Use map vs array of embedded documents?

I am using mongodb to store one-to-many relationship (similar to

Say a collection of blog posts with comments embedded in it. Which of the below approaches is recommended?

Query Patttern:

  • For a given blog post, return comments with ids in a given array (around 1000 per second)

Write Pattern:

  • Update/insert a comment with given id (around 100 per second)


  • Postgres is the primary database. I am using mongo as a sort of cache to return the serialized data faster
  • A blog post has max 5000 comments today. So it will fit within the 16MB document limit. Most posts have around 10 comments.

Approach 1: (array of embedded documents)

      _id: 23, // postId in postgres
      comments: [
           _id: 34, // commentId in postgres
           text: "This is comment 34",
           _id: 67,
           text: "This is comment 67",

Approach 2: (map of embedded documents)

      _id: 23, // postId in postgres
      comments: {
         34: {
           _id: 34, // commentId in postgres
           text: "This is comment 34",
         67: {
           _id: 67,
           text: "This is comment 67",

The normal way for mongodb is to store data(unknown values) to arrays,
and keys to be metadata(the known schema)

The reasons for that is
1)unknown fields cannot be indexed
in your first approach if you want to index the comment_id,you can do it with
a multikey index,but in second how to make index on comment_id?
2)Dynamic embeded documents are not well supported
For example we cant do get($$k)/remove($$k)/add($$k,$$v) in a fast way.
(if key is a mongodb variable)

If we have constant keys,meaning that we know them at the time we send the
query(not keys in mongodb variables),we can use pipeline stage operators,or even
construct, query parts,but those are weird methods.

Query pattern
For a given blog post, return comments with ids in a given array (around 1000 per second)

Query patttern,first approach
1)find post
2)filter comments you need($filter on the comments map)
*if you have like 10 average it will be very fast

Query pattern,second approach
1)find post
2)how you get the comments?
you contruct on driver something like the bellow,and you send the query after?

 {"$project" {comments.100  1
              comments.20 1}

This is weird way

I cant be sure the first is always the best,but i think in mongodb,data should go
into arrays,and schema should go into keys.

How to make write pattern (Update/insert a comment with given id) work in case of array of embedded dcouments?
Given I always fetch comments by id, I am assuming Approach 2 will be more efficient than Approach 1 as I don’t have to search through all documents (for large documents)

Its easy to insert/or update a member(here a document) into an array.

Query operators
Insert new → $push
Update existing → update a member

Or you can do a pipeline update
Insert new → $concat
Update existing → $map

You dont need a pipeline update really,its for more complicated updates,query operators are fine.
See also this

I guess you know the post_id parent,of the comment that will be updated/insert,make an index
on post_id,and it will be very fast,you dont have like too many comments/post.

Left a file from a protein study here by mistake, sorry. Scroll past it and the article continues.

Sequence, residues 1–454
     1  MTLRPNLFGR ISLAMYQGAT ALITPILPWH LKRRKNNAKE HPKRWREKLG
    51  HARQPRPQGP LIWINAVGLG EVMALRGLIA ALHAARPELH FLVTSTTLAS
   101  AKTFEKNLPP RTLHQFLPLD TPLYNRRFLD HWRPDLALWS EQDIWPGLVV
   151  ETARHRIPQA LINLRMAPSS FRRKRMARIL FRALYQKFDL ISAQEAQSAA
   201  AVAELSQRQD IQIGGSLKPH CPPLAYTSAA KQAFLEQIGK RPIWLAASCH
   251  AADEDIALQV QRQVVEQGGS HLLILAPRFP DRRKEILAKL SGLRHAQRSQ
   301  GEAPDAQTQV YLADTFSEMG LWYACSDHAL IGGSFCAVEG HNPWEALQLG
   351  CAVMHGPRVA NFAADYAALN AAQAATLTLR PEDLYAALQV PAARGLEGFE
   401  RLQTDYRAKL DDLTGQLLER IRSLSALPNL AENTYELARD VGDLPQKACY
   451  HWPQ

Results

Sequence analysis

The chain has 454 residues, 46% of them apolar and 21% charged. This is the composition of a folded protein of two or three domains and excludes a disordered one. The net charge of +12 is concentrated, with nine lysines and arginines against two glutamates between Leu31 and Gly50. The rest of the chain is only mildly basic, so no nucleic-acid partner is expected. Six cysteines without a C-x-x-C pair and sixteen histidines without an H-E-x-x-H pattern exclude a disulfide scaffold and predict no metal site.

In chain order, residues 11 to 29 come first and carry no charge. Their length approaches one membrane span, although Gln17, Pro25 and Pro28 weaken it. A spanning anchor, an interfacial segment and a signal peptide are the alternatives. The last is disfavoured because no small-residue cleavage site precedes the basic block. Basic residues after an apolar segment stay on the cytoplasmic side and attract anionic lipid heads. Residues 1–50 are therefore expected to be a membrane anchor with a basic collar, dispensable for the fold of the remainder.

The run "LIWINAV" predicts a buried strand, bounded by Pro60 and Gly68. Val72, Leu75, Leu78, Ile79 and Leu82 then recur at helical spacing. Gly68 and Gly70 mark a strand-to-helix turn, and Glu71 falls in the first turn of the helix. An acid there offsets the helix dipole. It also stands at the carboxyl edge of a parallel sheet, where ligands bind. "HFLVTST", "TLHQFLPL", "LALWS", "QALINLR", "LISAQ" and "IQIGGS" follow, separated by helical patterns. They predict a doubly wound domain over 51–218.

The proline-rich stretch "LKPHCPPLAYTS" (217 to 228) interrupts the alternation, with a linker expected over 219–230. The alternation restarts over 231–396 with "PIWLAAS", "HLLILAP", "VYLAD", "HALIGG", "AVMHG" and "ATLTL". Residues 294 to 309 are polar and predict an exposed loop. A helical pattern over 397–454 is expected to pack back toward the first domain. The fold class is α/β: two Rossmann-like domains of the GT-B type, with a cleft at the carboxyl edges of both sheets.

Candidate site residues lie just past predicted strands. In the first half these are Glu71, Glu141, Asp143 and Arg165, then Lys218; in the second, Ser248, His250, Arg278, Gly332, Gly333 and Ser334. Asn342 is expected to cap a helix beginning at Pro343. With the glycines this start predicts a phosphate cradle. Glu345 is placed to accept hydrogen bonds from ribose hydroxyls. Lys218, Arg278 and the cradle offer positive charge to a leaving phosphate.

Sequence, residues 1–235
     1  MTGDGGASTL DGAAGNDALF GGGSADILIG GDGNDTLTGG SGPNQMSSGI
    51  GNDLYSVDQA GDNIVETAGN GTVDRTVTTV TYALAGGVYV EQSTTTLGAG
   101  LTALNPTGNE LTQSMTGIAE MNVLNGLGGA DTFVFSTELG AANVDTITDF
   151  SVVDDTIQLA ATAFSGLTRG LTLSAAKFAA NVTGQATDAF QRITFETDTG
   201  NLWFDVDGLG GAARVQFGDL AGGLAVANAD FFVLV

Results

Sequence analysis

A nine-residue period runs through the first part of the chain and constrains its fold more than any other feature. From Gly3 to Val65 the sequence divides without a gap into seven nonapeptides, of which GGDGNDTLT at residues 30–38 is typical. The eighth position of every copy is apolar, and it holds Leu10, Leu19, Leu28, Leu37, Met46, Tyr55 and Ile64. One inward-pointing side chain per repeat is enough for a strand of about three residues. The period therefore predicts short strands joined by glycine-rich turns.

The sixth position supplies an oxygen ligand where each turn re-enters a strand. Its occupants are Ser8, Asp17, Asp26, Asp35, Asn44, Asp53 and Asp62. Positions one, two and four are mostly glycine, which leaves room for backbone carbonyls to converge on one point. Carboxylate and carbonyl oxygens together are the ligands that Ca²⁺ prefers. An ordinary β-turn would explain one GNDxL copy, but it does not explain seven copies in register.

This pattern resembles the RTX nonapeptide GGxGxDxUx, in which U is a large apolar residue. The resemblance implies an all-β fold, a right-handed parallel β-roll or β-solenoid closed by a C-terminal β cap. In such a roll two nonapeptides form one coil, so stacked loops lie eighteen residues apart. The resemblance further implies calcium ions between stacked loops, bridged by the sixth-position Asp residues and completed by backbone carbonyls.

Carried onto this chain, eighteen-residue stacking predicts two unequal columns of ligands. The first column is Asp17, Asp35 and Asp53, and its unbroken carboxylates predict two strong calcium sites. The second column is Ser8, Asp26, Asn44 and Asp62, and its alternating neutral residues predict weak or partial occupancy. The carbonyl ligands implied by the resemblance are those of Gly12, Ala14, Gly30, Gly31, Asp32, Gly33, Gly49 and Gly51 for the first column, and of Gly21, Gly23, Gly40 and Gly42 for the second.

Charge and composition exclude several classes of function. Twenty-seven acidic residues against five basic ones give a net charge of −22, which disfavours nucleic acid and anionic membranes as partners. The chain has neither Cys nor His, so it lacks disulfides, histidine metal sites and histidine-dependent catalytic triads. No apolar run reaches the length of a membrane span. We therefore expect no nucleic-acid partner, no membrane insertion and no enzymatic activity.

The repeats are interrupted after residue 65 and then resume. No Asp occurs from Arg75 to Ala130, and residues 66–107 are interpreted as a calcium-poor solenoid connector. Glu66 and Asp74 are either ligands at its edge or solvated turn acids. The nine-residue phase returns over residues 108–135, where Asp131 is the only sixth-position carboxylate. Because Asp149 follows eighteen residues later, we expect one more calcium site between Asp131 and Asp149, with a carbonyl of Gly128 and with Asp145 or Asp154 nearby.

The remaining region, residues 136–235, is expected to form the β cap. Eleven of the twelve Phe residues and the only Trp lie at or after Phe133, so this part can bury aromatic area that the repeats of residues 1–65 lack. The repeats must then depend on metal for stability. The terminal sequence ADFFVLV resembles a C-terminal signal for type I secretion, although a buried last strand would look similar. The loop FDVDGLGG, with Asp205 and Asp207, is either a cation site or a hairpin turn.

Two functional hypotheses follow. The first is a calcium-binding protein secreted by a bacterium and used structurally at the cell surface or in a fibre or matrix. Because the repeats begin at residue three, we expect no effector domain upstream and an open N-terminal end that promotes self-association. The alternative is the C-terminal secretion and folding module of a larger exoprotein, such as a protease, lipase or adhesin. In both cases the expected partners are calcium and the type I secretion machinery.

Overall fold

If you dont know the post_id and you have only the comment_id that you want to update,you
can make a multikey index on comments._id,to find the post document fast.

From what I read from MongoDB - Safely Upserting Subdocuments Into Arrays there is no single operator to atomically upsert into array of embedded documents.
Is it still the case?

I am worried about ending up with duplicate comments if two parallel threads try to insert($push) simulataneously

MongoDB updates in 1 document they are atomic,you dont have to worry about anything.
(all the changes that you do in 1 document,with 1 update,will be done all or nothing)

MongoDB after >= 4.0 , we are now in MongoDB 5 supports trascactions so you dont have
to worry about multi-document operations also.

Also mongodb supports left joins with $lookup >= 3.2.

This presentation is probably older,but the last slide shows how to push into an array,
with safely.You dont need transactions here or $lookup.

See the above links also.
If you are new to MongoDB see the mongodb uni
To see all the videos you just enroll in the course,its free,and there is no need to pass the course,you can re-take the course if you want another time.

1 Like

I was not in favour of using the solution in presentation as it involves making multiple queries for making an upsert. Was wondering if there is a native way to do that in a single statement without encountering race conditions.

I understand changes to a document are atomic in general. But was worried about ending up with two simultaneous $push resulting in two duplicate subdocuments in array.

The stack overflow answer linked also does it in two steps (first steps removes the record from array if it exists and second step inserts). But still feel it is prone to race conditions.
The second solution does something similar but uses the aggregation pipeline. Do you know what lock is acquired by the read statement in a pipeline? i.e, if two servers have sent the same query to mongodb, does mongodb serialize the full pipeline or just the write parts of the pipeline?


When you send 1 query,you can change many things in the document and change will be
atomic.MongoDB offers pipeline updates also,that can do all sorts of complicated updates
in 1 document.(you can send multiple queries also,but you need transactions to make them atomic)

For an example of how to update an array with members documents see this query

Its atomic and its fast.It checks if new member => update,else add in the end of the array.
In your case if you already know if new or existing comment,you can make it even faster,
and avoid the check.